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September 22, 2004

Temple of the Big Scary Heads


Warhol Style! yup were back in the past again folks....

We decided to take the next morning off (we had tried to catch the sun rise the day before but only succeeded in feeling bleery-eyed) all day, so after a leisurely lunch we headed out towards "The Bayon" probably the most mysterious of the Angkor temples. The Bayon is built on three levels with the walls of the lower 2 levels adorned with 1.2 km of beautiful bas relief carvings (sorry too wet for photo's). On the first level a series of battles with the Chams (Vietnamese) are depicted, starting with their sacking of Angkor (around 1177), destroying the city which stood before Angkor Thom and the confusion and civil war that followed, before the unification and eventual military revenge of the Khmers under Jayavarman VII (builder of the Bayon and the massive Angkor Thom). The scenes of war are impressive with multi-levelled panorama's depicting elephants, cavalry and infantry as well as naval battles, but I was more interested in the little details, like people playing board games, betting on cockfights and selling fish at the markets that reveal how the average Joe spent his day. We had just walked around the first level when the heavens opened, showing us what the monsoon was all about and forcing us to seek high ground (after a quick water fight with some local kids) while the streets turned to rivers, giving us another look at the fun loving Khmers in action. The next morning we headed out early to pick up where we had left off. Yesterday we had got no higher than the first level, missing out on what the Bayon is all about, BIG SCARY HEADS, lots of them. With 54 towers topped by 216 of the colossal smiling faces, they are impossible to escape. Around every corner and through every window they appear, making it hard to shake the feeling that you're being watched. As you climb to the top level it's possible to round a corner and come face to face with 4 or 5 of the grinning buggers, said to be a representation of Avalokiteshvara, the Buddha of Infinite Compassion (Buddha of the Infinite Heebie-Jeebies more like it). To be fair to Avalokiteshvara though, the spooky feeling here is more due to the sense of stillness and calm (quite foreign to us modern city dwellers) and being in the middle of the jungle in half-darkness. The sight of the sun rising was unforgettable, the morning light revealing one by one the timeless, serene smiles. When the suns heat became unbearable we headed back indoors, knowing that we had all afternoon to explore the jewel in the crown of the Angkor Sites, the one and only Angkor Wat.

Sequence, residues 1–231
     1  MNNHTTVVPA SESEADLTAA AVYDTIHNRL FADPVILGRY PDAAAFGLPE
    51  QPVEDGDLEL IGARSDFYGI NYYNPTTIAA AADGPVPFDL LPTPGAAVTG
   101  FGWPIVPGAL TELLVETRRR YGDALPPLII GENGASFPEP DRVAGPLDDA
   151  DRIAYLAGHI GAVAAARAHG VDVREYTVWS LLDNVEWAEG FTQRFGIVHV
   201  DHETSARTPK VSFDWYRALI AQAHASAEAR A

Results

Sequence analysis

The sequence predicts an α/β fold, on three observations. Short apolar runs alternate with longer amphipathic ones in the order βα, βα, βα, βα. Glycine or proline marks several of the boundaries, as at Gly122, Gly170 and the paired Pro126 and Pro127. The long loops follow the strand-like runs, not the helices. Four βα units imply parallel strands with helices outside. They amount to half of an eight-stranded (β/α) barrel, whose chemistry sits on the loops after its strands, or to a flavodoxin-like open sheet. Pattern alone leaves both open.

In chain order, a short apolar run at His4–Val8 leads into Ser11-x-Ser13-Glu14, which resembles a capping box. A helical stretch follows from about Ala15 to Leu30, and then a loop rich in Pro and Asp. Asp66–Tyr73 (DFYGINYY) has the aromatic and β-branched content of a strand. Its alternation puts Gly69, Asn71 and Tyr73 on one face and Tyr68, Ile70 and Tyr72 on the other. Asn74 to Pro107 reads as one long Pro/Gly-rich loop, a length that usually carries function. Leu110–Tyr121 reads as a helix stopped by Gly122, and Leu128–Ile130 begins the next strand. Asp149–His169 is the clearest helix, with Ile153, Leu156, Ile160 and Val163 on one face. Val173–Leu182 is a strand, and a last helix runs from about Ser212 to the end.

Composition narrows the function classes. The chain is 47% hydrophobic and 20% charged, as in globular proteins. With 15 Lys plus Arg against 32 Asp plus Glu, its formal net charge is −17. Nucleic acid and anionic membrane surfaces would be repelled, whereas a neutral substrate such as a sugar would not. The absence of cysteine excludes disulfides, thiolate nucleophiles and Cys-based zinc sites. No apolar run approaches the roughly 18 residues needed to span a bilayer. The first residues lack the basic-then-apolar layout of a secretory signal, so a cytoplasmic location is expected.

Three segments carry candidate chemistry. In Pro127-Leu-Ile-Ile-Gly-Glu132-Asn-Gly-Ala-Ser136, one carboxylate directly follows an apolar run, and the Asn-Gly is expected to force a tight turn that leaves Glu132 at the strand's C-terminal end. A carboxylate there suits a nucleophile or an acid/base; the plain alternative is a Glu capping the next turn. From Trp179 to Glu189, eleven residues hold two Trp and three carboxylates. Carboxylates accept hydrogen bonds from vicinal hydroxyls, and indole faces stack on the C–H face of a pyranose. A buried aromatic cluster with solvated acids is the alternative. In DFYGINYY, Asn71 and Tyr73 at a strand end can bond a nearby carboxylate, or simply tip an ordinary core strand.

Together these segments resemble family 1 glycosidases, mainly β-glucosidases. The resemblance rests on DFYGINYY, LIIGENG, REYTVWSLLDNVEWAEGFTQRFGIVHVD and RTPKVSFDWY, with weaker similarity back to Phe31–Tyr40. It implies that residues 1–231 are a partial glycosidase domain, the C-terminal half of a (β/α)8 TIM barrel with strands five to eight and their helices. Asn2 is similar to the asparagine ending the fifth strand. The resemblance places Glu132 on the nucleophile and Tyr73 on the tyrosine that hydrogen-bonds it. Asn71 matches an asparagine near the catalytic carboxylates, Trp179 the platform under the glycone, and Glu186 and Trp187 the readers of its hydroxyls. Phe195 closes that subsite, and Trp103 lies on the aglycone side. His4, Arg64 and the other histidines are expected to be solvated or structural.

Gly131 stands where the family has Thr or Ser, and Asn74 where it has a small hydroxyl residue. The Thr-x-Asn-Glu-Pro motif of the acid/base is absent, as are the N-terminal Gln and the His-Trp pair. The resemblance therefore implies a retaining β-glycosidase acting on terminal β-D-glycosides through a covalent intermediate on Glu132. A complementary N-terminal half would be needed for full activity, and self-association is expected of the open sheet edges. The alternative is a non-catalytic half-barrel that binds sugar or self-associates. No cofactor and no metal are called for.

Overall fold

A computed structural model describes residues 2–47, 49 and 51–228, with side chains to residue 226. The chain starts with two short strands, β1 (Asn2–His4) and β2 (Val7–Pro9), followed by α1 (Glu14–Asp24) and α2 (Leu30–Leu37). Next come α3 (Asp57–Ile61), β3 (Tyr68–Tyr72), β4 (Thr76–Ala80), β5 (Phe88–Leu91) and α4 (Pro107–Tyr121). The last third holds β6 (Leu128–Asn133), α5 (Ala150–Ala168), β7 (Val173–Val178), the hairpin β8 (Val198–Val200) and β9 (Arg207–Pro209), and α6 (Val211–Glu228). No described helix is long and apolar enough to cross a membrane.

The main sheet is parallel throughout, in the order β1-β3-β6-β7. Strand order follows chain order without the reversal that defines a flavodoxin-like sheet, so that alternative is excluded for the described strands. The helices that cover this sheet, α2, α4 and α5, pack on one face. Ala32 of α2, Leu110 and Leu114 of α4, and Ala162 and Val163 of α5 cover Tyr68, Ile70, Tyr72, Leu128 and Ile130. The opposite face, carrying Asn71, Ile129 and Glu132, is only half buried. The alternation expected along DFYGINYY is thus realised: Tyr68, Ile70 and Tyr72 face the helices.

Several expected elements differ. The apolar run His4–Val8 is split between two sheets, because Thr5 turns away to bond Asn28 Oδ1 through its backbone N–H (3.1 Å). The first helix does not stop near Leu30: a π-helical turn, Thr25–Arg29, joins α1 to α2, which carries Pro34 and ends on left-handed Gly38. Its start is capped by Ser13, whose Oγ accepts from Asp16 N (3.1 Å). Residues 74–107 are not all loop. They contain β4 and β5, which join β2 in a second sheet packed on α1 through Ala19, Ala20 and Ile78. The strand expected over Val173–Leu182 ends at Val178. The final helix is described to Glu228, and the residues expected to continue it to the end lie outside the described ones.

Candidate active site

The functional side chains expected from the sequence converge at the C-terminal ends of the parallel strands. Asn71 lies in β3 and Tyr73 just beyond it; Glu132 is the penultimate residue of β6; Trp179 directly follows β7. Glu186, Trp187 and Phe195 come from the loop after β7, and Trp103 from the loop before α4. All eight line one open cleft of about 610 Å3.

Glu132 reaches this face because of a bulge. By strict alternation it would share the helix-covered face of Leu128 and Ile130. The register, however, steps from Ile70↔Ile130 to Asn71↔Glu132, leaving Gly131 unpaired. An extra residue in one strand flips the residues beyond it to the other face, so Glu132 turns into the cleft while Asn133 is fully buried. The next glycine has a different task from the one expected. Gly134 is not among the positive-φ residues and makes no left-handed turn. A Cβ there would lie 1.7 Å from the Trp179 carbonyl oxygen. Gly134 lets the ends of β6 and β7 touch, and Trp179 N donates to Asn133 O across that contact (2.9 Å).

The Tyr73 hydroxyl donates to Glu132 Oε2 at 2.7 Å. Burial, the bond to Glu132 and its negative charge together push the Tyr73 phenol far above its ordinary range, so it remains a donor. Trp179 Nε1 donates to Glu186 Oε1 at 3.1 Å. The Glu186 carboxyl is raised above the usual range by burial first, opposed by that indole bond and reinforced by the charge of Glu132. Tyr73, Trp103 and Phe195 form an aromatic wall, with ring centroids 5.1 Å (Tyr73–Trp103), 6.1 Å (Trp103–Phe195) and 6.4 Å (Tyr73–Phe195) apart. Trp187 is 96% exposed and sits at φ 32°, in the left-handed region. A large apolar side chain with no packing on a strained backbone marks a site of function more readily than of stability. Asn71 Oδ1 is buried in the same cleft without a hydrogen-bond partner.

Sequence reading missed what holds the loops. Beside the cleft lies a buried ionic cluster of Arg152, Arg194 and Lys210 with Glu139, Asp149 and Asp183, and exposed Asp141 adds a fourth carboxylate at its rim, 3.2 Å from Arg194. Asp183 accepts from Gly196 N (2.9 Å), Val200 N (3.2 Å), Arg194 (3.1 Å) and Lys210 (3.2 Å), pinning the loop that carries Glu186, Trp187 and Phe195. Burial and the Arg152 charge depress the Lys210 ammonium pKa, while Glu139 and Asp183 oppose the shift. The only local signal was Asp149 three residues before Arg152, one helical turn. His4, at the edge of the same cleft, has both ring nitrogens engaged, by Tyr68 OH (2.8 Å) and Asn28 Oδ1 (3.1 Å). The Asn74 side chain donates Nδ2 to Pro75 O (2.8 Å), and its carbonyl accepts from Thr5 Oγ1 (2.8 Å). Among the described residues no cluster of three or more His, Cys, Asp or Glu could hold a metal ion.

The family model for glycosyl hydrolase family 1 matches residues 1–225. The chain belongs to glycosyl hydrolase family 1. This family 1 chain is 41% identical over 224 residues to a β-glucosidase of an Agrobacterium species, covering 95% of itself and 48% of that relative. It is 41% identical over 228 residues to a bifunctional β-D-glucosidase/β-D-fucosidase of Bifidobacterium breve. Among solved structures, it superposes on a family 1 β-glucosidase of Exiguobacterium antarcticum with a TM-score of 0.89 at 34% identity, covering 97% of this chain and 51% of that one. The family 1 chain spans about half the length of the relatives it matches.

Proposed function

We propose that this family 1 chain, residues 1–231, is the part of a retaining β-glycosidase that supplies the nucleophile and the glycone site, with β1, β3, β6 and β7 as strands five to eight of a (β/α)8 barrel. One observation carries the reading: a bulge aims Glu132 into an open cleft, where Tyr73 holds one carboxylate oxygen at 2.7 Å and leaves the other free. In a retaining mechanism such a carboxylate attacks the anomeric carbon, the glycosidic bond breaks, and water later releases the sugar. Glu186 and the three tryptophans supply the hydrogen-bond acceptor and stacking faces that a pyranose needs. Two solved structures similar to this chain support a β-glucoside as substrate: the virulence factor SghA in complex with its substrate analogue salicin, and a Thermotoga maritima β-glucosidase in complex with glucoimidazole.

Posted by Zach & Emily on September 22, 2004 10:32 PM
Category: CAMBODIA

I'm still checking up on ya's


Posted by: Dom on September 26, 2004 10:47 PM
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